Still waiting for lift-off

The Federal Open Market Committee decided today to raise its target for the federal funds rate by 25 basis points.

The Committee believes that, even after this action, the stance of monetary policy remains accommodative and, coupled with robust underlying growth in productivity, is providing ongoing support to economic activity. The evidence accumulated over the intermeeting period indicates that output is continuing to expand at a solid pace and labor market conditions have improved.

The Committee perceives the upside and downside risks to the attainment of both sustainable growth and price stability for the next few quarters are roughly equal. With underlying inflation still expected to be relatively low, the Committee believes that policy accommodation can be removed at a pace that is likely to be measured. Nonetheless, the Committee will respond to changes in economic prospects as needed to fulfill its obligation to maintain price stability. 

These were the words that ushered in the last Federal Reserve tightening cycle, at the equivalent meeting in June eleven long years ago.  Despite the fears of the "taper tantrum" and "lift-off fever" over the last couple of years, it's quite clear that nothing like this sort of message will be conveyed in today's FOMC communique.

The real nub of the issue, of course, is whether the committee will signal the possibility of a rate hike in September- or at least their willingness to do so.  It seems almost inconceivable that the language of the statement wouldn't leave the door fairly wide for a hike in September should circumstances warrant;  as such, markets will revert back to the much-discussed dot plot to get a real sense for how likely the committee thinks such a move is.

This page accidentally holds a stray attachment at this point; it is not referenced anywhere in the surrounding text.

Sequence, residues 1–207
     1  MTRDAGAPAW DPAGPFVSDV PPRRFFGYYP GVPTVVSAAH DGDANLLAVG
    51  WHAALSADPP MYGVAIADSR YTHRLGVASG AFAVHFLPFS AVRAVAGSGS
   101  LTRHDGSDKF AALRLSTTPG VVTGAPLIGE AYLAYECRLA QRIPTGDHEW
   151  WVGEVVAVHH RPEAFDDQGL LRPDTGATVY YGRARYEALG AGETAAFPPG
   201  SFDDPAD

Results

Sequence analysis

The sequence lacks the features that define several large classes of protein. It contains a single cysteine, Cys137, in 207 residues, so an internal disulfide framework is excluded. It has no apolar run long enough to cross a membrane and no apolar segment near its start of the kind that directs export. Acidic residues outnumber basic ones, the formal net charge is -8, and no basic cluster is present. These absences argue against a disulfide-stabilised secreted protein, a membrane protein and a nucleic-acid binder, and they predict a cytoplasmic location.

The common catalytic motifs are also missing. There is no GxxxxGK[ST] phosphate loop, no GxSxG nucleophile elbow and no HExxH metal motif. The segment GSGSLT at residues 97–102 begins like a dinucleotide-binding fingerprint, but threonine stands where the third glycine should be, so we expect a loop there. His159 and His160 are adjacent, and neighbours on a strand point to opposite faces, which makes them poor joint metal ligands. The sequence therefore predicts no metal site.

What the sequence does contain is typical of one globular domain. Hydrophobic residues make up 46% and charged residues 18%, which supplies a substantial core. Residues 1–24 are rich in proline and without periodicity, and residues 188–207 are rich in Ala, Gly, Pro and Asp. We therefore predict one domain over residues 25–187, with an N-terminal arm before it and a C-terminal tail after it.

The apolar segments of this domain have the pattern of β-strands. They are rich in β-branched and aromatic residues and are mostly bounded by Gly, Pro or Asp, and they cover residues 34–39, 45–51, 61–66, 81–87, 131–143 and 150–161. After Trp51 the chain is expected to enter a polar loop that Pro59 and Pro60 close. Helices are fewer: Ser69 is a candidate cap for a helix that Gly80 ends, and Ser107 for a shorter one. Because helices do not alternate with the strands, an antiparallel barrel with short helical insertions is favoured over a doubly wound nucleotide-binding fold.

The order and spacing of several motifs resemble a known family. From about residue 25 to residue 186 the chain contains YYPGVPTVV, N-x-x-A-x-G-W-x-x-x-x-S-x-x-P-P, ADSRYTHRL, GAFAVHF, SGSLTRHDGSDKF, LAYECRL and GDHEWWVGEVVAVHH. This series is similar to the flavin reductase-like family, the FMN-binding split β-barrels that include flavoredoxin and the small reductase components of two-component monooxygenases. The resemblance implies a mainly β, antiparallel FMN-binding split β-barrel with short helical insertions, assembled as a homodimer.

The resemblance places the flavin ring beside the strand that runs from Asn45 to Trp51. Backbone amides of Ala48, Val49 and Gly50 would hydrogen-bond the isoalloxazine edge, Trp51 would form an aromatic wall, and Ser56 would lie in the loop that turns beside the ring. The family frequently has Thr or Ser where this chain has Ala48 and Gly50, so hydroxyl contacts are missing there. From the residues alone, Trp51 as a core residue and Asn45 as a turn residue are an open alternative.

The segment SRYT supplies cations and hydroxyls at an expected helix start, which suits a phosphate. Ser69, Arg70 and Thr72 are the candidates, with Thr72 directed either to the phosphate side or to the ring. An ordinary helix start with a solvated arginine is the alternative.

Recall that at the last SEP in March, the median and mode of the scatter plot was at 0.625%, representing a 50 bp tightening from status quo.    Two committee members sat at unched, while four were above 1%.  Those four will almost certainly be marked lower; regardless of where they think rates should currently be, the fact is that there's only 4 meetings after this one 'til year end, which only leaves time for so many hikes.   Moreover, it's not as if the data has been gangbusters over the last few months, either.
No, the real issue is what happens with the ten committee members who plumped for either 0.625% or 0.875%.  It seems likely that some will move lower, but how many, and by how much?   As has been the case for some time, futures markets are pricing less than is currently "forecast" by the dots; the January '16 Fed funds futures contract implies a FF effective rate of 0.415%.  This is a shade under 30 bps higher than is priced for the month of June, so you'd have to say that there's not a massive amount more that these things can rally while still leaving a healthy chance of a hike this year at all.